The ND-GAIN Country Index by the University of Notre Dame summarises a country’s vulnerability to climate change and other global challenges in combination with its readiness to improve resilience. The more vulnerable a country is, the lower its vulnerability score, while the more ready a country is to improve its resilience, the higher its readiness score will be. Indonesia’s scores are:

Indonesia is severely under threat from sea-level rise. Jakarta, the capital with a population of 10.56 million, is currently sinking at an average rate of 1 to 15cm per year, depending on where in the city. In particular, the sinking rate is 1cm per year in the south, but can be as severe as 15cm in the west and 25cm in north Jakarta, where the natural ecosystem is wetter and closer to swamp conditions.

Indonesia’s vulnerability to sea-level rise is a consequence of unregulated human activity and land subsidence. Land subsidence is incurred by the excessive extraction of large volumes of groundwater. What’s more, Jakarta is built on soft and swampy ground, and the illicit and unregulated extraction of underground resources is pervasive. Naturally swampy terrain, high population density and human activity exacerbate the sinking of large urban centres like Jakarta, and yet the government has inadequate resources to regulate this phenomenon effectively.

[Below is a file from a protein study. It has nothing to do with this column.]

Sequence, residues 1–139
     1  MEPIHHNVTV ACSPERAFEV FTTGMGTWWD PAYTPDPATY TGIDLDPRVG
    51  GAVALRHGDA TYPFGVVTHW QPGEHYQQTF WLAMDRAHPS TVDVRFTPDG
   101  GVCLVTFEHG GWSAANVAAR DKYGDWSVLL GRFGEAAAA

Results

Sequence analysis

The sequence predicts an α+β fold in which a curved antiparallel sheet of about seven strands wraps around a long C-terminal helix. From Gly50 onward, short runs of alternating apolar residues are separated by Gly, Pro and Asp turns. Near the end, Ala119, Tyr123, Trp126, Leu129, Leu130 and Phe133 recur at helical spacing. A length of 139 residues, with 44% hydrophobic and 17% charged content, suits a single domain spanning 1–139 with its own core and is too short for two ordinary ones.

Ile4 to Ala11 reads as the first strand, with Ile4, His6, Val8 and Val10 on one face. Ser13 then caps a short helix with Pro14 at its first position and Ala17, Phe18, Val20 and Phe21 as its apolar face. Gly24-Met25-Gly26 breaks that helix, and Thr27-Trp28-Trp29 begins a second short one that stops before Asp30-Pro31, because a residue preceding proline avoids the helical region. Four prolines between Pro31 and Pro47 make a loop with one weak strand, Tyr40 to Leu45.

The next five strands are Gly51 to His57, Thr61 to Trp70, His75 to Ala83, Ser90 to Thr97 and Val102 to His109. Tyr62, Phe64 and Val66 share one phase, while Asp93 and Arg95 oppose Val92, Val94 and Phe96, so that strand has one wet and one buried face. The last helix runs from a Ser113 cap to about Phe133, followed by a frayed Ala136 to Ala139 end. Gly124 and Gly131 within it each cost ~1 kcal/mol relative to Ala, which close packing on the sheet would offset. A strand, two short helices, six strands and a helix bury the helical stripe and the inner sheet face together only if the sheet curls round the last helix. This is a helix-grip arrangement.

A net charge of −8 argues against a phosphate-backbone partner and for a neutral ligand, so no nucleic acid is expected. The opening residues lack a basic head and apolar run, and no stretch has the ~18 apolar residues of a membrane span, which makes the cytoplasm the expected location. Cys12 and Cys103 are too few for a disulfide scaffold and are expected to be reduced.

Increased temperatures are also threatening Indonesia’s straggling resilience to climate change. As of October 2019, temperatures in Sulawesi, one of the four Greater Sunda Island, reached 38.8C, and satellite-based forecasts announced over 44C. The climate is expected to warm by around 0.2 to 0.3 degrees in each decade. The WWF report predicts that there will be a higher frequency of heatwaves and droughts in the southern parts of the country as well as more perilous rainfall in the future. What’s more, a study published in PNAS predicts that most of Indonesia will experience significantly warmer temperatures above 29C and much higher than average temperatures in most years, by this decade. As such, people who live in rural or undeveloped areas without easy access to air conditioning will be extremely vulnerable to the detrimental health effects of high temperatures. Heatwaves have also incurred economic losses in Indonesia of around US$28.1 billion in the previous two decades.


Environmental Policies by Sector